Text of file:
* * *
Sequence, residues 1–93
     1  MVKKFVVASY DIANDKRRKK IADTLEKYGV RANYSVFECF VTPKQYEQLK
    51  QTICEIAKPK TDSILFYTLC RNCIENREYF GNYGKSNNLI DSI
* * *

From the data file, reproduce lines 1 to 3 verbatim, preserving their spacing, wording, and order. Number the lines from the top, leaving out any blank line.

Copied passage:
Sequence, residues 1–93
     1  MVKKFVVASY DIANDKRRKK IADTLEKYGV RANYSVFECF VTPKQYEQLK
    51  QTICEIAKPK TDSILFYTLC RNCIENREYF GNYGKSNNLI DSI